Pro-Life Leader Bashes Media Coverage of Embryonic Stem Cell Research
by Paul Nowak
LifeNews.com Staff Writer
June 29, 2004
Washington, DC (LifeNews.com) — Focus on the Family founder and chairman Dr. James Dobson is calling the media’s coverage of stem cell research a "scandal." He focused particularly on the repeated misconception that President Bush’s policy restricting the use of federal funds for embryonic stem-cell research is preventing the discovery of cures for diseases such as Alzheimer’s and diabetes.
"Embryonic stem cells are not going to be the source of a cure for Alzheimer’s," Dobson told journalists at the National Press Club in Washington, D.C. "Are you aware that not one human being anywhere in the world is being treated with embryonic stem cells? There is not a single clinical trial going on anywhere in the world, because (embryonic) stem cells in laboratory animals create tumors. Nobody will use them."
Dobson explained that adult stem cells, which do not require the destruction of human life, have shown great promise in the treatment of diseases such as diabetes.
"This needs to be reported to the American people," Dobson said. "They don’t know this — especially when Ron Reagan is all over the place telling everybody that our government won’t help fund a cure for Alzheimer’s, which his wonderful father had."
Dobson urged journalists to be fair and accurate in their reporting, and cited a plaque in the National Press Club that states "the public journal is a public trust."
"To ignore the scientific realities, to fail to report that embryonic stem-cell research is the less promising course of action, to allow people who are suffering to develop false hope about possible treatment breakthroughs, is an unconscionable betrayal of the public trust," said Dobson.
But keeping the public trust on the stem cell issue, Dobson added, means more than reporting scientifically accurate information. He urged media representatives to realize that the ethical problems with using human life for research, even if the embryos used are leftovers from fertility clinics.
"The immorality of such logic is appalling," Dobson said. "Prisoners condemned to death would also, undoubtedly, be excellent research subjects. Should we then introduce legislation allowing scientists to remove organs from and conduct experiments that take the lives of these men and women before they are executed by the state for their crimes?"
Media bias on the embryonic stem cell issue has been apparent on many occasions, from ignoring scientific fact to printing erroneous information.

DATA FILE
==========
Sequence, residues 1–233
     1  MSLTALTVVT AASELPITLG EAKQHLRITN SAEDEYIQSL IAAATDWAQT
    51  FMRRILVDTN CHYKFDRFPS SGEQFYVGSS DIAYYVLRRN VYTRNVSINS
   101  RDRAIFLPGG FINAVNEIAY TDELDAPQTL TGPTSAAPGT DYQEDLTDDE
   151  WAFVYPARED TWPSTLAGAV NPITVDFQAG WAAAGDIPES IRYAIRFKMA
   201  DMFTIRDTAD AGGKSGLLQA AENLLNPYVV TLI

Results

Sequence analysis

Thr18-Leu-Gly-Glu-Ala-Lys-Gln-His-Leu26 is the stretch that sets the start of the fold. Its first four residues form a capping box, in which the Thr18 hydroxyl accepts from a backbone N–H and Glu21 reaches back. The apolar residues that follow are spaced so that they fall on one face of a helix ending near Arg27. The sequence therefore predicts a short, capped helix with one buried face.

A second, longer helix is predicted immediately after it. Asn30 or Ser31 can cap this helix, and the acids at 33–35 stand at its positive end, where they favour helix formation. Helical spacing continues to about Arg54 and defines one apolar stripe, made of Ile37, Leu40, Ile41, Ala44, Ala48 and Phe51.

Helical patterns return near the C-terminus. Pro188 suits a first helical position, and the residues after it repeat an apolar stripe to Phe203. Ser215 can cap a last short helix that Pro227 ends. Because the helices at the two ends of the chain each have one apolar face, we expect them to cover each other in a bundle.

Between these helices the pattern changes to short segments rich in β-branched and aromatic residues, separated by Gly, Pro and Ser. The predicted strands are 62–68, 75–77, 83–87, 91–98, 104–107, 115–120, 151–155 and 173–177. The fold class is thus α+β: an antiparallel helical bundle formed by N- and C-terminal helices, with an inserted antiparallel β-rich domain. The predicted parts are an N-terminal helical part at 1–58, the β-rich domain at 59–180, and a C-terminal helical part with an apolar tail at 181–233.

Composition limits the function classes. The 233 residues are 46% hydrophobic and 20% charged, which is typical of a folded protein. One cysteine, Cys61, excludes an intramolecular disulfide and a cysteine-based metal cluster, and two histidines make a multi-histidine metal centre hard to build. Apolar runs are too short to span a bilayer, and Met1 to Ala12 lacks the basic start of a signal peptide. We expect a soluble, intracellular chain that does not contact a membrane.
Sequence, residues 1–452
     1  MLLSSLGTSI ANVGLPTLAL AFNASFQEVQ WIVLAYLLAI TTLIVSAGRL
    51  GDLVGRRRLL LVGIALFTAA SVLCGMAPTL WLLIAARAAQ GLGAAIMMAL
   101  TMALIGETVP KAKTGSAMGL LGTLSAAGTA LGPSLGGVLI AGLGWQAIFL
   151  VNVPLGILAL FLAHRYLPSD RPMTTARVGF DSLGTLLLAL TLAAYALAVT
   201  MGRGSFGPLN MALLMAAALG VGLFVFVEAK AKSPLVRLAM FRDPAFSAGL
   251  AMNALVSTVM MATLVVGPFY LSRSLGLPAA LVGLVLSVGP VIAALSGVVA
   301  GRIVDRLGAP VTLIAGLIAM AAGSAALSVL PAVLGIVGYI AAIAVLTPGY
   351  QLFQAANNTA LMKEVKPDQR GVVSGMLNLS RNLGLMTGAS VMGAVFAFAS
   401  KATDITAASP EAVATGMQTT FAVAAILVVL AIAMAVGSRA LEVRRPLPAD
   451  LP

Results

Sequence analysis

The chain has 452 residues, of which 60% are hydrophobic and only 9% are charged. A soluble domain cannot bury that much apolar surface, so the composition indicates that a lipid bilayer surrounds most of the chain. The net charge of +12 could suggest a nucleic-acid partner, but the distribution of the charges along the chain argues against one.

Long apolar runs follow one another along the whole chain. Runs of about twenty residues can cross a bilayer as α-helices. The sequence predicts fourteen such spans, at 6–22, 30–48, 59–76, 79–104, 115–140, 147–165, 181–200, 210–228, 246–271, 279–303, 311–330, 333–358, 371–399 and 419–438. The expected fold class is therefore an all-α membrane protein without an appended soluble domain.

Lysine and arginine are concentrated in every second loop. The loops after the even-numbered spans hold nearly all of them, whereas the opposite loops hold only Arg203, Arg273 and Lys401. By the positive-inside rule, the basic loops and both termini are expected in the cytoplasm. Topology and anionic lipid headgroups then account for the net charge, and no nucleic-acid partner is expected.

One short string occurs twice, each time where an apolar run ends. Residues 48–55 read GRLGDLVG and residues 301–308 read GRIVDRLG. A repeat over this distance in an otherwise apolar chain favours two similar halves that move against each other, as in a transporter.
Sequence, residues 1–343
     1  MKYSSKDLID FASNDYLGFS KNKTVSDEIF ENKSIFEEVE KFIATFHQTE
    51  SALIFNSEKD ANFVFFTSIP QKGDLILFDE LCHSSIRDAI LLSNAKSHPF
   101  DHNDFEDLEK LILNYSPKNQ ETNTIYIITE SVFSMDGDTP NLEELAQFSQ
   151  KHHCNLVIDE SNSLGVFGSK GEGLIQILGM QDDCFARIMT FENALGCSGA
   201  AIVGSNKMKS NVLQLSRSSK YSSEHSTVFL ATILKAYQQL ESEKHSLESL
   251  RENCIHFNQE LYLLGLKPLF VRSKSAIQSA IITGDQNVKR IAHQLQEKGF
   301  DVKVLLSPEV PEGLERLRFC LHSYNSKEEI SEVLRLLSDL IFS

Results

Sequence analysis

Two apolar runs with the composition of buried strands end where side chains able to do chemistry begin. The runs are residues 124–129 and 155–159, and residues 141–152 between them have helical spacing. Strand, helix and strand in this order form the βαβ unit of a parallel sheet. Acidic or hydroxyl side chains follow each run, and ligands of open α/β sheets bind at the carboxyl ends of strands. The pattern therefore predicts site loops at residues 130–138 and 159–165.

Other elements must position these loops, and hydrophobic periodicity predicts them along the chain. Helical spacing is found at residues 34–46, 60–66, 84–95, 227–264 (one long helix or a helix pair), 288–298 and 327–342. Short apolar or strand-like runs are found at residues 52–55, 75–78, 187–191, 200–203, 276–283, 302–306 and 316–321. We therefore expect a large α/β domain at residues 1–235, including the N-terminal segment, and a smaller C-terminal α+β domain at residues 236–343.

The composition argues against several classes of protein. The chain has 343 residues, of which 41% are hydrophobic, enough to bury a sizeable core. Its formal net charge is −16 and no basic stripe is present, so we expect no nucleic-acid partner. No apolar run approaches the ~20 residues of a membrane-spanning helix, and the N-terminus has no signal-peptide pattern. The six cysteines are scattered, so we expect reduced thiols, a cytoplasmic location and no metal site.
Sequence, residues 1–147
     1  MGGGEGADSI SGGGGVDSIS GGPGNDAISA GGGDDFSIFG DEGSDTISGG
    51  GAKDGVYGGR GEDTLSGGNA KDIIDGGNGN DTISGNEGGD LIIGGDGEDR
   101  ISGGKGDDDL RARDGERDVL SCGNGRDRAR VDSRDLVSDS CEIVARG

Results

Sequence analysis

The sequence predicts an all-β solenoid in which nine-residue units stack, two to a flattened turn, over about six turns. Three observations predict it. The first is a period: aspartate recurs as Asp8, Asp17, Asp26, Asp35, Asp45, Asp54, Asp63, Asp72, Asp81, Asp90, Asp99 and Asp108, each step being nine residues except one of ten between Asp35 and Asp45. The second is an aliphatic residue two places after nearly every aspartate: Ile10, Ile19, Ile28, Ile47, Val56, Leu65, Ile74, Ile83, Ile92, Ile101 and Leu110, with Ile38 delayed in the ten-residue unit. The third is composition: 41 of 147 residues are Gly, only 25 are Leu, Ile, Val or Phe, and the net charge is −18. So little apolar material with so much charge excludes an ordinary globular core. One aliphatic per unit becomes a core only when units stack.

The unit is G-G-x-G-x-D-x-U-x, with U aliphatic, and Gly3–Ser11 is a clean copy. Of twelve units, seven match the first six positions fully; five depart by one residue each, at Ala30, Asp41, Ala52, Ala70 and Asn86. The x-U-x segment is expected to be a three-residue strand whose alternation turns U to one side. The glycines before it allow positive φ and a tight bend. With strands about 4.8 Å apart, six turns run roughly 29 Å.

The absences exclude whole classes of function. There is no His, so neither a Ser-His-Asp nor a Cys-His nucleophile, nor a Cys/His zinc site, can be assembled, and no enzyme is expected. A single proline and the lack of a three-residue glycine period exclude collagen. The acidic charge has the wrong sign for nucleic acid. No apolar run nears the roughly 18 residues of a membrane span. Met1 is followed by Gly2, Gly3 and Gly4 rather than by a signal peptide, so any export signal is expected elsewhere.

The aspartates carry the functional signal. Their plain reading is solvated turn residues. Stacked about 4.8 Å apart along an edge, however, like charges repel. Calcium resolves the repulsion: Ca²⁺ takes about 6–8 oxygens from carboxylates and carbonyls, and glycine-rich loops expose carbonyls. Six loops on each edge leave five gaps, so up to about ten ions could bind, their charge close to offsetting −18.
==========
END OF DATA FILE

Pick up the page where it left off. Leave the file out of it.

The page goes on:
In January, an Associated Press article about New Jersey Governor Jim McGreevey signing a stem cell research bill, stated "Stem cells are produced in the first days of pregnancy and help create the human body."
The following day the Associated Press issued a "clarification" that offered the following correction: "The story should have explained that embryonic stem cells used for research are grown in a laboratory and do not involve pregnancy."
The correction was inaccurate, however, as the New Jersey legislation does explicitly involve pregnancy, and even allows the embryo to be implanted and grow for up to nine months before being "harvested."
In November, the Louisville Courier-Journal ran a story covering a symposium sponsored by Right to Life Educational Foundation of Kentucky, but its coverage, including the misleading headline "Cloning Opponents to Make Major Push to Ban Research," was "a near slanderous falsehood," according to Michael Janocik, the pro-life group’s Associate Director.
Janocik said his organization does not oppose all stem cell research, only that which involves the destruction of human life.
The article stated that "University of Louisville and University of Kentucky officials say the importance of such work cannot be overstated."
"Sure it can," retorted Janocik. "And [it] has been for several years. To date, there are no reported human therapies from either embryonic stem cell research or human cloning. The therapeutic stem cell breakthroughs to date are from adult, not embryonic stem cells."
After a three-hour symposium featuring perhaps the finest minds the subject has to offer, the Courier-Journal didn’t report what they said," Janocik said. "Instead, absent the slightest hint of objectivity, it blindly parroted the political spin of the brave-new-world crowd."